Clubs should not receive special treatment

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Clubs should not receive special treatment

Clubs and organizations are an integral part of any college campus.  Guilford has over 50 clubs on campus spanning a wide variety of interests, from rugby to forensic biology.

There is a code of conduct for campus clubs and organizations so that they are held accountable for their actions, and if those rules are not followed there are supposed to be consequences sanctioned on the club for their transgressions.

One club on campus that has been granted exceptions to the club guidelines, is the Campus Activities Board, or CAB. They run a variety of events on campus, including annually hosting Serendipity.

However CAB had broken the codes of conduct and acted in ways that are beneficial for the club instead of the community as a whole.

The proposed budget for CAB for the 2017 year, according to the budgets presented annually at the Dick Dyer Awards, was $90,000.  The next highest club budget was proposed at $9,000.

For clubs to retain their full budget, one requirement is to send a representative to monthly Inter Club Council meetings.  Last year there were multiple times when CAB did not send a representative to those meetings.  If a club fails to have a representative at those meetings club guidelines state that a portion of their budget should be frozen until the club shows they can follow the protocol necessary to have a budget.

CAB never had any of their budget frozen, despite failing to send a representative on multiple occasions.

Gillian Sherman, a CAB executive from 2016-2017, said about CAB’s lack of ICC attendance: “The rules are flexible since [CAB] work[s] so closely with the [Student Organizational Commons].”

The flexibility CAB has been granted by Senate, who is in charge of budget allocation, due to their close relations with the SOC.  There is no section in the Club Handbook that mentions exemptions for any club about following mandatory rules.

Every club needs a treasurer who is not supposed to run any event that involves money, so than an unbiased person is making monetary decisions and funds aren’t spent recklessly.

CAB did not have a treasurer last year and all of their executives handled the money in the hosting of their events.  In order to keep themselves in check every club, including CAB, should have one designated person who is unbiased in spending to keep them in check.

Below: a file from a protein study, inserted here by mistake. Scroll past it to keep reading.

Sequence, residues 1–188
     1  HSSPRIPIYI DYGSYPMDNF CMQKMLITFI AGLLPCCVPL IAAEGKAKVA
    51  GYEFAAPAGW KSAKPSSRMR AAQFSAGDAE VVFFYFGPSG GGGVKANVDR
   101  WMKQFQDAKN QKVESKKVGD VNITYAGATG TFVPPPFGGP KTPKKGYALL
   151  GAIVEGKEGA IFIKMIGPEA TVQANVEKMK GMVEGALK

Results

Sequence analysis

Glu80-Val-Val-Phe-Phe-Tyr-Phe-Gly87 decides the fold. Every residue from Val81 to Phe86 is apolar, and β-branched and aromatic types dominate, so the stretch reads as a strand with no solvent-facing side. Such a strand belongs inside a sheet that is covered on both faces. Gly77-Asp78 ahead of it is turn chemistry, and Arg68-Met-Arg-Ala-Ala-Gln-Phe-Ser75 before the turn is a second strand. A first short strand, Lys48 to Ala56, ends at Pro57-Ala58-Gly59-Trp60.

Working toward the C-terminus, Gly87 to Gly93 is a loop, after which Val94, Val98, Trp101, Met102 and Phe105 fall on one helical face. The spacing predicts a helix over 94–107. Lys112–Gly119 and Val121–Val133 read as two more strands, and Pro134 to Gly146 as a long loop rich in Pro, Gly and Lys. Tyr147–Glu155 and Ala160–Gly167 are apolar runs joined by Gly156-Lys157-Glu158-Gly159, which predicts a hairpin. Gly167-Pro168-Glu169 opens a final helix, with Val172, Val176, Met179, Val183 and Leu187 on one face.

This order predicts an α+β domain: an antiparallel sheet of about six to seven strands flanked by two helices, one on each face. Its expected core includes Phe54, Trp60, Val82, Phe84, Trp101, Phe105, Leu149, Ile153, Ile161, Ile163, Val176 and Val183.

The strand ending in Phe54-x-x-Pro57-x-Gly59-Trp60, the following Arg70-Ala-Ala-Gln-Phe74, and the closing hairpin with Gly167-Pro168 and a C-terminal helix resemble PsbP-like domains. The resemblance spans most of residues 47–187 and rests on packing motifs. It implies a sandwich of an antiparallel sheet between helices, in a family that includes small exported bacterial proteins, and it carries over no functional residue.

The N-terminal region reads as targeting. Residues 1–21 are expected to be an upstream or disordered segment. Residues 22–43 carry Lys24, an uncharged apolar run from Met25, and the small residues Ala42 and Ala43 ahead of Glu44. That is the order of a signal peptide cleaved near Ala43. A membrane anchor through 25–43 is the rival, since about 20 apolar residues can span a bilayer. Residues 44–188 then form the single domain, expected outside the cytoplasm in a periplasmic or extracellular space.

CAB events, last year in particular, did not have expenses that matched with the attendance of the events.  Prior to winter break, CAB hosted two events on the same day, the Wild World of Wellness and a showing of the movie Elf. The events, which combined cost at least $500, had professional massages, food and prizes which included a new XBox and tablet.
Cristina Guttersen, who graduated in 2017, attended the event.

“There were about 20 people when they gave out the Xbox and only like 12 when they gave away the tablet,” Guttersen said.

There was no need for CAB to run such a large event for such a small group.

I acknowledge that CAB does do good things for this campus.  Over the past year the attendance at their events has steadily risen, and they sometimes help smaller clubs run events when the club doesn’t have the budget.

Despite CAB’s beneficial actions, no club should receive special treatment.  All clubs on campus should be held to the same standard and should be held accountable for their actions. Exemptions and special treatment aren’t in line with Guilford’s standards and values.

We as a community should work to ensure that clubs are not being given exemptions to requirements.  These may be small exemptions that have been given, but giving those exemptions sets the precedent that clubs can ignore rules and not be held accountable.

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